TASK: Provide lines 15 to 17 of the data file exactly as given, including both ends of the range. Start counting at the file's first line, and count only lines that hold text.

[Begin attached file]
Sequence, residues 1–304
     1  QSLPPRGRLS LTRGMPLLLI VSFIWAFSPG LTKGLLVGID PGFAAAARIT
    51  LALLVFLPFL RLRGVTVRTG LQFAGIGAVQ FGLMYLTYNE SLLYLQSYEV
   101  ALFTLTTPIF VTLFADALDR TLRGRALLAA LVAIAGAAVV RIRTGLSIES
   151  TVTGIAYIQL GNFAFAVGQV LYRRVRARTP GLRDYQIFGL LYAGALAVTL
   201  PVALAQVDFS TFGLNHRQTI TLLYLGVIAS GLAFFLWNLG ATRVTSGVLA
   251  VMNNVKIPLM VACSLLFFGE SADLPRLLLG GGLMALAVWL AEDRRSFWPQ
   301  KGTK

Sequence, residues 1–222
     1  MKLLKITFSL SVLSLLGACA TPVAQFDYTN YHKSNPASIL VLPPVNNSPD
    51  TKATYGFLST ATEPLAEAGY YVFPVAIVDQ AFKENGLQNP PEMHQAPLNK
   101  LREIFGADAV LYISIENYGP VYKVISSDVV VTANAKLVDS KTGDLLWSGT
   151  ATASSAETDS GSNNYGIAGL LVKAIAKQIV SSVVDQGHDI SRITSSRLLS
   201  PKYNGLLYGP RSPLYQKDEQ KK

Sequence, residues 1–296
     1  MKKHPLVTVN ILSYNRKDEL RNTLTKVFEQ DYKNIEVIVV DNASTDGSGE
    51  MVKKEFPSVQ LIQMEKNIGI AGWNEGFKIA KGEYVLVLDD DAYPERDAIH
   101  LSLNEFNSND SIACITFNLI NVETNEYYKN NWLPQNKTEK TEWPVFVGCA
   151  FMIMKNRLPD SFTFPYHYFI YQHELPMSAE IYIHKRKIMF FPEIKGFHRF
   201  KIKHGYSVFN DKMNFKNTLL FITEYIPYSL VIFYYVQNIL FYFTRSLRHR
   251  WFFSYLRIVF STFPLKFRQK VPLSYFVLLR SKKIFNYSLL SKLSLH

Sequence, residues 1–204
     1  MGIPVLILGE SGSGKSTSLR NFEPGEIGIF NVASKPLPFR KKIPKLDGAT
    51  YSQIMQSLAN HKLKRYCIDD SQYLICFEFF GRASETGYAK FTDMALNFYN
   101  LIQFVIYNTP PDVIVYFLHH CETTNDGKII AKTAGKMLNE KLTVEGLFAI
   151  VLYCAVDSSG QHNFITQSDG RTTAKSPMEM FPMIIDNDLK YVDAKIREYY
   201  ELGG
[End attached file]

Sequence, residues 1–296
     1  MKKHPLVTVN ILSYNRKDEL RNTLTKVFEQ DYKNIEVIVV DNASTDGSGE
    51  MVKKEFPSVQ LIQMEKNIGI AGWNEGFKIA KGEYVLVLDD DAYPERDAIH